]]>Cats look so cute with those furry, fuzzy whiskers. But the whiskers aren’t there just for fun. They are super-sensitive, meaning when they brush against anything, cats really feel it. The whiskers help the cat figure out if it can squeeze through an opening without getting stuck. You never want to trim (cut) those whiskers, because it will leave the cat dizzy and confused. The 8-12 whiskers on each side of the nose also show a cat’s mood: whiskers sticking straight out show that a cat is calm; whiskers tilted forward mean the cat is excited and alert; and whiskers flattened back show anger or fear. Cats also have whiskers above their eyes, on their chin, and on the backs of their front legs — and they all look cute.

*Wee ones:* If a cat’s whiskers reach 8 inches across and a hole in the wall is 9 inches across, will the cat think it can sneak through?

*Little kids:* If a cat has 10 whiskers on each side of its nose, how many does it have? *Bonus:* What if it has 12 on each side — how many more whiskers does it have now?

*Big kids:* If a cat had 9 whiskers on each side of its nose, above each eye, and behind each front paw, how many whiskers would that be in total? *Bonus:* If 1 cat has 80 whiskers in total, another has 36 in total, and a 3rd cat’s number is halfway between those, how many whiskers does the 3rd cat have?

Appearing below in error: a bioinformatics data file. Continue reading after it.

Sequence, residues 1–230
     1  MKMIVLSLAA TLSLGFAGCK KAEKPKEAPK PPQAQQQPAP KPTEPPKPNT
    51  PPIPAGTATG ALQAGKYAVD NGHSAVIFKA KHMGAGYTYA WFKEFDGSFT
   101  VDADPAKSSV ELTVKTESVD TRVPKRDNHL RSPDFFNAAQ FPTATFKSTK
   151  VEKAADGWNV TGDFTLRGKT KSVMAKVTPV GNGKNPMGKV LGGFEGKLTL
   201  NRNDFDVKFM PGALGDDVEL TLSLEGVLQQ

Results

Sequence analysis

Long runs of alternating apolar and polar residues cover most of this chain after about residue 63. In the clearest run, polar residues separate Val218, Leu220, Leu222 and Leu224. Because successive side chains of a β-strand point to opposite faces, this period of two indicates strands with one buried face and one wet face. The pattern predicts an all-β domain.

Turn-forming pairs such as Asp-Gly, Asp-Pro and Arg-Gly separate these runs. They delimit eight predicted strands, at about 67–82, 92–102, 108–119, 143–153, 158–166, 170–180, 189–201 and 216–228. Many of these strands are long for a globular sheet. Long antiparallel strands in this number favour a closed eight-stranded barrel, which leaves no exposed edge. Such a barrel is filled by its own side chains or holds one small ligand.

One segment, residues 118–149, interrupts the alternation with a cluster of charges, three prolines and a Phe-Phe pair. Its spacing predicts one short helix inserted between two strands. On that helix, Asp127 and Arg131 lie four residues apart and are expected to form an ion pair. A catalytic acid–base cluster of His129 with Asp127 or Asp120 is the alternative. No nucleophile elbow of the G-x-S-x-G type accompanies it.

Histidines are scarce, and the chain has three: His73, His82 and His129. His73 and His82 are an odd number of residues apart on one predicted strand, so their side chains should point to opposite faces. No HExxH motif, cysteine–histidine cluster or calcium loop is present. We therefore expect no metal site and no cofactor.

Answers:

*Wee ones:* Yes! The hole is wider than its whiskers.

*Little kids:* 20 whiskers. *Bonus:* 4 more whiskers since you added 2 on each side.

*Big kids:* 54 whiskers (6 sets of 9). *Bonus:* 58 whiskers. The difference between the first 2 cats is 80-36 = 44, so the 3rd cat’s number will be 22 less than one cat and 22 more than the other cat.

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]]>The post A Bed for Rover, Fluffy, and You appeared first on Bedtime Math.

]]>When you’re really tired, it’s so nice to flop down on your comfy bed. Well, dogs and cats like our beds, too. Some people don’t want to share their bed with scratchy paws and wet noses, but some pet lovers are just fine with it. One couple with 5 cats and 2 dogs finally built a new bed to hold them all! The megabed stretches almost 11 feet across, and fills up half the bedroom. They made it by shoving together a king-size bed and a full bed, then filling in the gap between them. We’re just amazed all those cats and dogs get along so well.